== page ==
After the song's unexpected, rapid climb to the top of the UK Singles chart, Chrysalis asked directors Jonas McCord and Bill Couterie to rush a video into production. Due to the lack of a band able to perform the song, the video was primarily composed of clips from the Vietnam Requiem documentary, edited together by Ken Grunbaum. The first version of the video included footage from the television networks NBC and ABC, including a newscast by ABC anchorman Frank Reynolds. After it was aired on MTV in the U.S., NBC and ABC objected to the "bad taste" of using the serious clips in a "trivial" form of "propaganda." McCord and Couterie were forced to produce a new cut incorporating public domain footage, but ABC permitted Reynolds' audio to remain. Couterie asserted at the time that the television networks opposed the video because it involved rock music:
|“||What is the difference between the words in our song and the 7 o'clock news? The only difference is rock'n'roll. And why did they love the documentary and hate the video so much? Every word in the song is from the film, and there was never any argument with the facts. The only difference is the music.||”|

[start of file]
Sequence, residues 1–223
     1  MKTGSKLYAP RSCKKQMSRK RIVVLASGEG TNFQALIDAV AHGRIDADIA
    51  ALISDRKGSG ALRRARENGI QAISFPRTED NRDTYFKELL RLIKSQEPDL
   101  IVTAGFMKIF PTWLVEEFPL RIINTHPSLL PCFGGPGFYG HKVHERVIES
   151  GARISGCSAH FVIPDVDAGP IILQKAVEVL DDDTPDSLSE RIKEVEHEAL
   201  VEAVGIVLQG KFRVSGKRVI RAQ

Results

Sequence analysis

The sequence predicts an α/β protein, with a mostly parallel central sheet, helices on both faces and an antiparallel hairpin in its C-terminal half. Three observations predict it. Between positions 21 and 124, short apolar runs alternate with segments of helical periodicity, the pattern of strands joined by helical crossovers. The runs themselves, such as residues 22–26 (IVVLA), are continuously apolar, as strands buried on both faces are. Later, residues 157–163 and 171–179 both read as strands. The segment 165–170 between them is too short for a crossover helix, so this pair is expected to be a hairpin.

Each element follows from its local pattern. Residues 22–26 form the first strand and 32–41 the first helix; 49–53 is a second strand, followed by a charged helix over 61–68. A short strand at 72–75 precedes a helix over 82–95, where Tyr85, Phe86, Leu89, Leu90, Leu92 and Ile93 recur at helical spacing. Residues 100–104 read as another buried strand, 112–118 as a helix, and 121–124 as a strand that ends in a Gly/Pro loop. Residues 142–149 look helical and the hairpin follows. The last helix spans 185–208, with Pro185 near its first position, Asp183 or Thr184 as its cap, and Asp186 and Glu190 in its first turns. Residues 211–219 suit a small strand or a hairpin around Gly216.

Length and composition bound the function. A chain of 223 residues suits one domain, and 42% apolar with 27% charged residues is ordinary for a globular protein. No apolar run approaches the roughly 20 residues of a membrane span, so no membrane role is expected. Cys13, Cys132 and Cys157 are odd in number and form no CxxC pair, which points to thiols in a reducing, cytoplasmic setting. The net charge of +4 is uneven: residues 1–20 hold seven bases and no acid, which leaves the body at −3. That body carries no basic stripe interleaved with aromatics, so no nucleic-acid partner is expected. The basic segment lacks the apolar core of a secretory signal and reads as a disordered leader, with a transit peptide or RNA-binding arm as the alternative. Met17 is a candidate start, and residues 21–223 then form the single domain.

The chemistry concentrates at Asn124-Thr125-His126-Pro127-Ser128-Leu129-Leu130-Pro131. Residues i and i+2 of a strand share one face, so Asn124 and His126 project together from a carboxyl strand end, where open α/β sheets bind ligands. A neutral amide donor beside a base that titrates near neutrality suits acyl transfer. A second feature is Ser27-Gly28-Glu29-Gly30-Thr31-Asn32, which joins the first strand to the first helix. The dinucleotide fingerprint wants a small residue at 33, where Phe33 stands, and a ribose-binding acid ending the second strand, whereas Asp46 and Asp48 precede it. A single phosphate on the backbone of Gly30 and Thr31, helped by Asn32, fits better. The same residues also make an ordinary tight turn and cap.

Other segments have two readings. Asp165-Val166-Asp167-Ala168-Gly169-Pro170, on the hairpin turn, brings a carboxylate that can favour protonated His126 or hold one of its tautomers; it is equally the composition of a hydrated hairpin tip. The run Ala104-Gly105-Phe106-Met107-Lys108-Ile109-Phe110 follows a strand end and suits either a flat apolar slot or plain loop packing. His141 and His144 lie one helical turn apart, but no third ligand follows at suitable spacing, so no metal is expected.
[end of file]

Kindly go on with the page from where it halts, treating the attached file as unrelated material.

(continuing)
The song's reliance on sampling also caused problems with legal clearance. Grunbaum recalled in 2012 that "there were no precedents for something like this. We ended up having to pay Peter Thomas, the narrator, royalties."
In the same year of release, British comedian Rory Bremner, using the band name The Commentators, released a parodied version of the song as "N-N-Nineteen Not Out", about England's tragic performance in test cricket, with references to the England cricket team's disastrous 1984 home series against the West Indies in which the England captain David Gower had averaged 19. In 2002, Hardcastle admitted in an interview with Q Magazine that, despite objections from his record label, he had helped contribute towards the making of The Commentators' version of the song.
- We-Enhance (16 March 2011). "SIMON FULLER: FROM "AMERICAN IDOL" TO FORMULA 1 IDOL. - B*tchBack". B*tchBack. We-Enhance Inc. Retrieved 21 July 2013. "Simon Fuller (...) produced “19″ for Paul Hardcastle- a very cheesy slice of Eighties’ synth pop"
- Vladimir Bogdanov, Chris Woodstra, Stephen Thomas Erlewine (2002). All Music Guide to Jazz: The Definitive Guide to Jazz Music. Backbeat Books. p. 547. ISBN 978-0879307172.
- Steve Huey. "Paul Hardcastle biography on Allmusic". Allmusic. Rovi Corporation. Retrieved 21 July 2013. "Paul Hardcastle debuted as a solo artist in 1984 and scored the following year with "19," an electro-oriented record featuring news reports and other sources on Vietnam."